The debate about Emily trying too hard to look like a Parisian versus it’s a French-American amalgamation picks up as soon as the show drops. Settling it once and for all, here’s what Marylin said, “I can say that Emily is trying her best to catch the Parisian energy, elegance, and style. But she has the aura and personality of a young American woman. What inspired me the most in her styling process this season was Lilly Collins’ bangs; she cut her hair like a beautiful icon of the 1960s, like Jane Birkin. It was important to me to portray nostalgia while also giving it a modern twist and a vintage feel with a softer palette and more colour. I think we succeed in keeping it more Parisian, people will definitely notice this change in her style.”

After all this time, Emily is now more settled in her life in France and that reflects in her style. In an attempt to bring out her quiet boldness, Marylin gave her mature silhouettes with a fun twist. High-waisted, wide-legged, sailor-style pants but with chunkier heels. The palette is slightly toned down this season, making it more Parisian but without losing her quirky aesthetic. In terms of discovery, the costume designer gave a lot of opportunities to young French, home-grown designers like Kevin Germanier, Ludovic de Saint Sernin, Maje, Maison Mirae, Magda Butrym, Maison J.Simone, Maison Souraya and mixed it up with archives of Jean Paul Gaultier and Christian Lacroix. In order to find that perfect balance between preppy and poised, Marilyn found a sweet spot between the old, new, crazy and calculated.           



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Emily’s styling is often sentenced as OTT—Marylin, however, looks at it as a large canvas where she strategically puts together each and every piece of the puzzle. “Some people think that it’s really horrible, that I fail and I’m miserable and that their eyes are bleeding when they look at the clothes. You know, I really love what I’m doing, but some people don’t like it and that’s okay. It may look easy for people to watch through a screen, but it takes a lot of time and effort to come up with a look. Practica and I share a common love for maximalism, prints, and everything extravaganza. I try to find a balance in everything, but sometimes it’s a hit-and-miss which is okay. I’m not trying to be pretentious, I try to keep it original. I’m not concerned with the negative comments on the internet because my actors are at ease and confident in everything I give them, and that’s what matters most to me.”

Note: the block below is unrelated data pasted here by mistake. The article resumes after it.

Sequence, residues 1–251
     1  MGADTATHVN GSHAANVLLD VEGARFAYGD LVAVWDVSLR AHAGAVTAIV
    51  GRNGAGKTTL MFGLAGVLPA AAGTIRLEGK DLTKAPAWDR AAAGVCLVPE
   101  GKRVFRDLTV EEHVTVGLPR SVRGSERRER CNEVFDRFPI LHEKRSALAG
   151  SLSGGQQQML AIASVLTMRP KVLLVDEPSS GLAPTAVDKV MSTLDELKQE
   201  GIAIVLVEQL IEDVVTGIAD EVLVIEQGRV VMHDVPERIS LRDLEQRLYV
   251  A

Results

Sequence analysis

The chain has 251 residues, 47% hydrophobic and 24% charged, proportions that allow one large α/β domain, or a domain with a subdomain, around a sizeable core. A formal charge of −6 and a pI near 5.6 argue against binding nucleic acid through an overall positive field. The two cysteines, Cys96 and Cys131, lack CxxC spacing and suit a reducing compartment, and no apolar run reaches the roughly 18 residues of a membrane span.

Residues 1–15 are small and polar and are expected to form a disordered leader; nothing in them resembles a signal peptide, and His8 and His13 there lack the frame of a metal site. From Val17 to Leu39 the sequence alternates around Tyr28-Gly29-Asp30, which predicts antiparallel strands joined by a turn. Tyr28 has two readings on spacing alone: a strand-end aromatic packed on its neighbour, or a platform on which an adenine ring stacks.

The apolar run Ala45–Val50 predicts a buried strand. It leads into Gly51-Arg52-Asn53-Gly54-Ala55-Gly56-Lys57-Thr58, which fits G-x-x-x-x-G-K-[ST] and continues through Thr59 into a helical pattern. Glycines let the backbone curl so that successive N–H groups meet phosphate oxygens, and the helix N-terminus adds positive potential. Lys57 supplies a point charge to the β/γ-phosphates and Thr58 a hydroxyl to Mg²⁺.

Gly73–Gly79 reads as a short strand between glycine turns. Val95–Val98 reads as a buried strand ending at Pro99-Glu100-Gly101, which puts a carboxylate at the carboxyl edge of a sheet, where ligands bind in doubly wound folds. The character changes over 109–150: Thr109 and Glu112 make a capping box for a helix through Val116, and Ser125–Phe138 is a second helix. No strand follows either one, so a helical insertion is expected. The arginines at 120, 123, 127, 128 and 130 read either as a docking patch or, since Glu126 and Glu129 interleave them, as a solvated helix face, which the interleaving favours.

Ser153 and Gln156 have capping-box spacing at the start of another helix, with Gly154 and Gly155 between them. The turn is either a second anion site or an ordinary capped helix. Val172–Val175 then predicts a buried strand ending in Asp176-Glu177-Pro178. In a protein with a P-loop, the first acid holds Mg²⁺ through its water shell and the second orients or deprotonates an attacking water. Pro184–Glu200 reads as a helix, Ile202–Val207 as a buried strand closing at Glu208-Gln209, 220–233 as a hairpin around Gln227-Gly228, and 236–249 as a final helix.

Besides Emily, the OG Parisians, Camillie and Sylvie are looked at as the show’s real fashion ‘IT’ girls. The character of Sylvie, it’s about being able to take risks in life but she’d found her comfort zone in fashion. She’s generally spotted in monochromatic colours, always exuding boss energy. As for Camille, she’s rich but not obnoxious. She’s romantic but not delusional, which is exactly what her style reflects. It’s structure when requires and flowing otherwise. “Of course, I need to have a very contrasting look in front of Emily, who is bright and vibrant with a lot of patterns. We try to give them a balance for the viewers, because, for them, less is actually more. I feel Camillie dresses up as a minimalist but still keeps her vibe alive because nobody wants to see her in boring beige coats or navy jackets (which is what the original Parisian style is all about). We needed to keep some tinge of her personality in her looks, which you can see in this season. 


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For more on Emily In Paris, read here

- Junior Digital Editor